Managing Director, Boston
For businesses facing antitrust, litigation, regulatory, or commercial challenges, sound economic analysis is critical. Our team of antitrust and regulatory economists, econometricians, financial economists, and academic affiliates combines sharp economic insights with diverse academic, industry, and subject matter expertise.
We provide litigation support and expert testimony to support clients on antitrust matters, as well as commercial and class action litigation, and we quantify damages in both antitrust and commercial disputes.
We work on a broad spectrum of antitrust issues, from market definition, market power, and conduct to mergers and acquisitions, and market inquiries, as well as quantification of damages. Key areas include:
Learn more about our antitrust and competition capabilities here.
FTC v. Qualcomm and Apple v. Qualcomm
Managing Director Dr. Tasneem Chipty was one of Qualcomm’s antitrust experts in lawsuits challenging Qualcomm’s licensing practices and use of customer incentive agreements that reference rivals. She and the team studied issues of market definition, market power, and raising rivals costs—accounting for technological innovation in the dynamic modem chipset marketplace. Dr. Chipty also studied Qualcomm’s contracts with Apple, which the FTC characterized as exclusionary contracts.
Consistent with Dr. Chipty’s testimony, the 9th Circuit ruled in favor of Qualcomm (in FTC v. Qualcomm), drawing a distinction between “anticompetitive” and “hypercompetitive” behaviors and concluding that the Qualcomm-Apple contracts did not have an “actual or practical effect of substantially foreclosing competition in the CDMA modem chip market.”
CenturyLink-Level 3 Merger
Managing Director Dr. Tasneem Chipty led multiple teams to evaluate the competitive landscape for business data services, on behalf of the parties before the U.S. Department of Justice and Federal Communications Commission. The analysis involved assessing the overlap in the parties’ assets in several metropolitan areas and the likely response of rivals to the putative merger.
The deal cleared federal merger review in October 2017.
MOL, K-Line, and NYK Line Joint Venture
Managing Director Dr. Tasneem Chipty and her team analyzed the competitive effects of the formation of a joint venture between three Japanese shipping companies, on behalf of the parties. The assignment involved analyzing competition along the supply chain for transporting refrigerated produce between the U.S. and Japan. Dr. Chipty presented these findings before the U.S. Department of Justice in the summer of 2017.
The transaction was permitted to close in the U.S. without any conditions attached.
U.S., et al. v. Hillsdale Community Health Center, et al.
Managing Director Dr. Tasneem Chipty was the government’s antitrust expert in a lawsuit alleging that two hospitals conspired to allocate customers. Her work focused on the economics of collusion and the role of marketing in patients’ choices of hospital. In addition, she analyzed the overlap of services offered by the hospitals and conducted a diversion analysis to assess whether the Defendants were competitors.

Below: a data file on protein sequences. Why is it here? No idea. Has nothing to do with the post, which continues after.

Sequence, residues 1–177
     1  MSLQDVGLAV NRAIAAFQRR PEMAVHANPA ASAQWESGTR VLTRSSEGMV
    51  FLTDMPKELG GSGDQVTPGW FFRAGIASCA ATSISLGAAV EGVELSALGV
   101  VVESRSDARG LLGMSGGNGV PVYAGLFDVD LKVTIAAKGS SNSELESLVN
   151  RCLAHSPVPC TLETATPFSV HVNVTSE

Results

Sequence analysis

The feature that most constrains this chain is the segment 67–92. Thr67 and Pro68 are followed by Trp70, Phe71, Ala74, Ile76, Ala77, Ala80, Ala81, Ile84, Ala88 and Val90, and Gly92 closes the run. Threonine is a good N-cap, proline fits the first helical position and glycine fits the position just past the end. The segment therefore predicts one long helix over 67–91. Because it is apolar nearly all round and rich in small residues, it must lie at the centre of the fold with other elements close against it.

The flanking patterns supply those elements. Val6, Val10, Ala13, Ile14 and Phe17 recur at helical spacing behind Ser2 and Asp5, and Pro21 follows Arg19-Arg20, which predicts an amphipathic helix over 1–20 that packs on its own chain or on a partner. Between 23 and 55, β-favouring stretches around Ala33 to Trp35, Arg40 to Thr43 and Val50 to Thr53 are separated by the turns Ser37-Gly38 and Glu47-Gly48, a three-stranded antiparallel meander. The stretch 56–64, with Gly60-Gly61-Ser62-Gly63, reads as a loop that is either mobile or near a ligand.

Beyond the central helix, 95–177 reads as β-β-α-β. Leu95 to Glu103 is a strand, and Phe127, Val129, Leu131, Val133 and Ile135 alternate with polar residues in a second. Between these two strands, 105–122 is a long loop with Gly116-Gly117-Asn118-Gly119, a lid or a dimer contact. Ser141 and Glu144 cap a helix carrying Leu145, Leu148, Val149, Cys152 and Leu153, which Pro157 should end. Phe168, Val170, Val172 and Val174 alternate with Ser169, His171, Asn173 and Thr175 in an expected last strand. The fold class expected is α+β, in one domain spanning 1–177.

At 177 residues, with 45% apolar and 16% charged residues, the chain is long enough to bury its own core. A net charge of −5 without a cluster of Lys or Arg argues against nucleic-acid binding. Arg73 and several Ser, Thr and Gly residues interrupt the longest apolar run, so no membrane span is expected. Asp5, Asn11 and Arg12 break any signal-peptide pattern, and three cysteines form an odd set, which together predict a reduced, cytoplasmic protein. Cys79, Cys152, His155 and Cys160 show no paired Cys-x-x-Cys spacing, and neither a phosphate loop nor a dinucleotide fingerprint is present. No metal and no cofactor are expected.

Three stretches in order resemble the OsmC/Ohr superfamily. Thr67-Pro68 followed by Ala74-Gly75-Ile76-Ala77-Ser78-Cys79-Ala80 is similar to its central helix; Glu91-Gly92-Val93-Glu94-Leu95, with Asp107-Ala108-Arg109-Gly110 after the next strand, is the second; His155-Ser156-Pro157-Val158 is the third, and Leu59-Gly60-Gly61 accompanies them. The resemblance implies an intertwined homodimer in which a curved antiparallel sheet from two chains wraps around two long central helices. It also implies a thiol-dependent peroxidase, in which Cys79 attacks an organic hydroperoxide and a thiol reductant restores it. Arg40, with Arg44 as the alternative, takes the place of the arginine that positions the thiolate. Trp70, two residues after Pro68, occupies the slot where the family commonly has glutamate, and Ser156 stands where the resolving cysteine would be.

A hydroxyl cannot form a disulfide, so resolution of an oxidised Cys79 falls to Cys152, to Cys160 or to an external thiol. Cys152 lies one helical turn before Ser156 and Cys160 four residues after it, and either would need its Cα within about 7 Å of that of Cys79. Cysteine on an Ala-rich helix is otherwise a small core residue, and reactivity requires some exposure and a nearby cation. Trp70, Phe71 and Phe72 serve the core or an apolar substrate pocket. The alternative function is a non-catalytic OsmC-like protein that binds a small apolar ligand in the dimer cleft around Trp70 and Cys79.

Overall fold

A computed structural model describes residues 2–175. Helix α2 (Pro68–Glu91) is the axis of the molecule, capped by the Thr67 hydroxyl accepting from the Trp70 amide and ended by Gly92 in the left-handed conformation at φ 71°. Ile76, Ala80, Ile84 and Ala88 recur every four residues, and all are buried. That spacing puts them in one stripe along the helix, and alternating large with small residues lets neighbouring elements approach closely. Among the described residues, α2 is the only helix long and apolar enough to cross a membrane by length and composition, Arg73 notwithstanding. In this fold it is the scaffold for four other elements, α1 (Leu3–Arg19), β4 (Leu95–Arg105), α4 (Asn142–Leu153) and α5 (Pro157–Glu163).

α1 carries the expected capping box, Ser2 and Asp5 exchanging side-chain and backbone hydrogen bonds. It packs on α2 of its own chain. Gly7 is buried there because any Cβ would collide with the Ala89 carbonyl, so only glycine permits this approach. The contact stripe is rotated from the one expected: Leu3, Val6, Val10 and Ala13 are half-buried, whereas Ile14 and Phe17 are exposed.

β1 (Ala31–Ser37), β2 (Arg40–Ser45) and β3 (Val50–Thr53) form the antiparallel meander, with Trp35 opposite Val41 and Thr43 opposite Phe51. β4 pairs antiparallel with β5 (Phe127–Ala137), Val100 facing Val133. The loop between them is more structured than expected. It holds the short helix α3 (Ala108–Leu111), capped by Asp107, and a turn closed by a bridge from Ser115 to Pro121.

The dispute settled in February 2018 with the Defendants agreeing not to engage in the challenged conduct.
Liberty’s acquisition of AT&T’s Wireline and Wireless Assets in Puerto Rico and the U.S. Virgin Islands
Managing Director Dr. Tasneem Chipty and her team analyzed overlap of fiber networks, pricing, and investments to study the competitive effects of the acquisition, on behalf of the parties. Their work was submitted to both the DOJ and the FCC, who permitted the transaction to close, with divestitures, in October 2020.
U.S. et al. v. Carolinas Healthcare System
Managing Director Dr. Tasneem Chipty was the government’s antitrust expert in its lawsuit against Carolinas Healthcare System that challenged the steering restrictions CHS imposed on health insurers. Her assignment included defining hospital markets, assessing market power, and evaluating the competitive effect of the challenged conduct.
The dispute settled in April 2019 with CHS agreeing to cease the challenged conduct.
Disney divests regional sports networks in acquiring FOX assets
Disney sought regulatory approval to acquire FOX assets, including cable networks, film and television studios, and its 30 percent stake in Hulu. The U.S. Department of Justice conditionally approved the acquisition subject to Disney divesting 22 FOX regional sports networks. Our team supported an academic economist to evaluate the competitive implications of Disney’s proposed acquisition.
Atrium Health agrees to cease challenged conduct
In June 2016, the U.S. Department of Justice and State of North Carolina challenged steering restrictions imposed by Atrium Health (formerly, Carolinas HealthCare System) on health insurers.
Managing Director Dr. Tasneem Chipty was the DOJ’s antitrust liability expert. She submitted testimony that addressed relevant markets, Atrium Health’s market power, and the competitive effects of the challenged conduct.
The amount of private antitrust litigation outside the U.S. continues to increase dramatically. This is no longer confined to the traditional jurisdictions of the UK, Germany and the Netherlands, but is now worldwide. Follow-on claims, which rely on a regulatory decision to prove an infringement, and stand-alone claims, where the infringement must be shown, are common. In the EU, virtually every cartel decision by a regulator is now followed by a damages claim from customers; and cartel damages claims are far from the only types of claim being brought.
AlixPartners Managing Director Mat Hughes discusses the key issues raised when valuing and arguing loss in private antitrust litigation outside the U.S., from both the claimants’ and defendants’ points of view.